Venture capitalist Chamath Palihapitiya is raising $800 million to finance four more special purpose acquisition companies (SPAC) that will be focused on taking biotech companies public.
2021 is shaping up to be another banner year for biotech companies. According to BioSpace, funds appear to be in near-endless supply as companies advance next-gen technologies and therapeutics for the health of all. BioSpace reviews a few raking in cash for their programs.
BioSpace takes a look at Series A financing rounds for several biotech companies: San Francisco-based Esker Therapeutics; England’s Mogrify Limited; Duke University spinout Isolere Bio; and Sunnyvale, California-based BridGene Biosciences.
Eleven months after launching with $60 million in hand, Ventus Therapeutics raised another $100 million to drive the company’s pipeline toward the clinic.
Centessa, based in Cambridge, Mass. and London, launched as a “novel asset-centric pharmaceutical company.”
Basel-based Lonza AG is moving to sell the company’s Lonza Specialty Ingredients division to private equity firms Bain Capital and Cinven for CHF 4.2 billion ($4.7 billion), completing a planned pivot to focus on Lonza Pharma, Biotech & Nutrition business.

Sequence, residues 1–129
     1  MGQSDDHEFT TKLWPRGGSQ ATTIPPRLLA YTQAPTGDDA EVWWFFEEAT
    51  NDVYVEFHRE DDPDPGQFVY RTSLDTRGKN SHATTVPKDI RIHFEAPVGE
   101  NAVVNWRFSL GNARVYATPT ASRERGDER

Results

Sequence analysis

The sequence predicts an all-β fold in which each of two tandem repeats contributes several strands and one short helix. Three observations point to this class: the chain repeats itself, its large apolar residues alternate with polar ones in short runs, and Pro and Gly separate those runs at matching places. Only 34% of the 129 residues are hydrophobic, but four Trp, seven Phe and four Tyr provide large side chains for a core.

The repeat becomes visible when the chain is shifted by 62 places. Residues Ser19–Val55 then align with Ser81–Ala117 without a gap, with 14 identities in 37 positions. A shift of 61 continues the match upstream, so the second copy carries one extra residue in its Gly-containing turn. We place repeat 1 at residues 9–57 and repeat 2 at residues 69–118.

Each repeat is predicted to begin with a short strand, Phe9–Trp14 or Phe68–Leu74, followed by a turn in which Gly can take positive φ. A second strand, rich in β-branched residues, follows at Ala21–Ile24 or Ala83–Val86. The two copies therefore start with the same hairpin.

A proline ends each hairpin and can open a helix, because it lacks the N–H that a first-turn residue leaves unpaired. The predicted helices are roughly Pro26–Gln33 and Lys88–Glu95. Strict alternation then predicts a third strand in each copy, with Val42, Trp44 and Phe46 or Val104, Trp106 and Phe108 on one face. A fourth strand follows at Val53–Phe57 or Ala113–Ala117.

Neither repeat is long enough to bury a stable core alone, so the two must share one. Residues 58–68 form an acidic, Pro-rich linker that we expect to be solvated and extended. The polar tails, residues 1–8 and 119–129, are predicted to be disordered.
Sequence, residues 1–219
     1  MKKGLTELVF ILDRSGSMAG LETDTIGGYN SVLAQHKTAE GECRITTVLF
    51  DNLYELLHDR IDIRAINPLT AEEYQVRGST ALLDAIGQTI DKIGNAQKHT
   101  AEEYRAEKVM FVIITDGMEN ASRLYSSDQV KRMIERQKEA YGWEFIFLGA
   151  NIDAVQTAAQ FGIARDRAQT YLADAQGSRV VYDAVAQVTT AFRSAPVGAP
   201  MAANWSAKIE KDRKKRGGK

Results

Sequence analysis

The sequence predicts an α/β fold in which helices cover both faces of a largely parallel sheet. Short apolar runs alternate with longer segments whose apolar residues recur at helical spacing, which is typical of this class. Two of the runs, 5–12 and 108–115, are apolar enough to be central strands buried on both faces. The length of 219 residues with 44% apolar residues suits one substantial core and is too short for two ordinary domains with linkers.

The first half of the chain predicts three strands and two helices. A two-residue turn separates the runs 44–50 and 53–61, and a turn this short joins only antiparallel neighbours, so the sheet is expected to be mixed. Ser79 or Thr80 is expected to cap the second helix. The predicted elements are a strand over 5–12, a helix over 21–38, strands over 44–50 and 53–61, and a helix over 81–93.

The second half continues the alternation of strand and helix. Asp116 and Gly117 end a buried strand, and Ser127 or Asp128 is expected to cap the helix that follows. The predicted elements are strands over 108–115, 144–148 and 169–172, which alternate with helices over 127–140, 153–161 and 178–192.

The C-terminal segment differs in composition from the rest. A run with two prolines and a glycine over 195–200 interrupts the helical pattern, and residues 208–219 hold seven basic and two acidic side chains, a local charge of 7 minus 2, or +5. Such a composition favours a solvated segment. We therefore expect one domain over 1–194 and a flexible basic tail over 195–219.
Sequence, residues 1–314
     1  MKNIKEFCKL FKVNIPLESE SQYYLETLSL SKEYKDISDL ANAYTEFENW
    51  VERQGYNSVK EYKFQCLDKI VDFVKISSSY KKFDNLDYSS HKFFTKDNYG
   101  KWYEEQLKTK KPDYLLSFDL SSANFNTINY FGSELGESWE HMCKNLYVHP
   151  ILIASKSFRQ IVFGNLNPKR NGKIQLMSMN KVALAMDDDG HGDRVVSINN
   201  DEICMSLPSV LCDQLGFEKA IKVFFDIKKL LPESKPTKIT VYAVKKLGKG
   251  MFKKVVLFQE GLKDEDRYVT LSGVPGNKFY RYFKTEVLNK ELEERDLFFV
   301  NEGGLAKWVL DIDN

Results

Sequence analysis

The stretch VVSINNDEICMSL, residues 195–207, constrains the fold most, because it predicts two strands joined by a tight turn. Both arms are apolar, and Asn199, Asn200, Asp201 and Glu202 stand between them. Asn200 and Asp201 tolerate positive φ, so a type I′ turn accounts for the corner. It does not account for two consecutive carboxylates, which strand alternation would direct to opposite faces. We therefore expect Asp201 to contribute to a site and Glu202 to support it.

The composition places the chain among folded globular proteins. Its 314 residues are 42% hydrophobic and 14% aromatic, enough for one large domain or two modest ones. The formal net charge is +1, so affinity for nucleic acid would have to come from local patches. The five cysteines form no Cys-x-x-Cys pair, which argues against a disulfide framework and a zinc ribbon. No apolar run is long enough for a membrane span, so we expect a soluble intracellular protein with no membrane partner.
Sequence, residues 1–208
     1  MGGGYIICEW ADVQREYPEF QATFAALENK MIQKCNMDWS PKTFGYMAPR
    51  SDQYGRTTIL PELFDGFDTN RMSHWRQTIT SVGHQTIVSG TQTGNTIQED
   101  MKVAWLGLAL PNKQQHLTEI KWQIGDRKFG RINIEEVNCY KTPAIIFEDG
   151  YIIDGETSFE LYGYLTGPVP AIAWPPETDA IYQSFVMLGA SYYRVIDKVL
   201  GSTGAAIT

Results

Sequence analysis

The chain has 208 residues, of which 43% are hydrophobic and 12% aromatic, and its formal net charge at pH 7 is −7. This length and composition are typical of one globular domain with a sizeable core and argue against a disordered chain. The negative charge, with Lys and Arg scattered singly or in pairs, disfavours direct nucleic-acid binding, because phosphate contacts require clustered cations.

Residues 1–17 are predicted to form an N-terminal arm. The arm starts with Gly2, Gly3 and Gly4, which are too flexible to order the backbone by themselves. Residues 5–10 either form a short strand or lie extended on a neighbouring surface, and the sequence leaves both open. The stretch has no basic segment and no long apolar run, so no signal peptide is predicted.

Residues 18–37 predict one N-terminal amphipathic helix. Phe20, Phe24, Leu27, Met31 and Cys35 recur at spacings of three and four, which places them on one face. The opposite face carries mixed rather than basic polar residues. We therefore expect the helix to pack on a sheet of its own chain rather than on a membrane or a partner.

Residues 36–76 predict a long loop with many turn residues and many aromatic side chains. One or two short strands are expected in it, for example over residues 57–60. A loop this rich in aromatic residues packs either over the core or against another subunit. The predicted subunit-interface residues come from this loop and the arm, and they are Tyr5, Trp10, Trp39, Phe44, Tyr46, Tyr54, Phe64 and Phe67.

The lack of face-to-face meetings during the Covid-19 pandemic caused the U.S. Food and Drug Administration to implement regulatory workarounds to stay on top of drug and biologics approvals, and a news feature published in Nature Biotechnology suggests these workarounds are here to stay.
Seattle-based AltPep Corporation raised $23.15 million in a Series A financing round to take the company’s breakthrough amyloid targeting platform to development.
Publicly traded companies that have been heavily involved in developing therapies and vaccines for Covid-19 have experienced significant spikes in their stock prices from March 2020 to January 2021, including Germany’s BioNTech, which surged 187% in one year.
DBV Technologies unveiled a global restructuring plan that will result in a reduction of more than 200 jobs.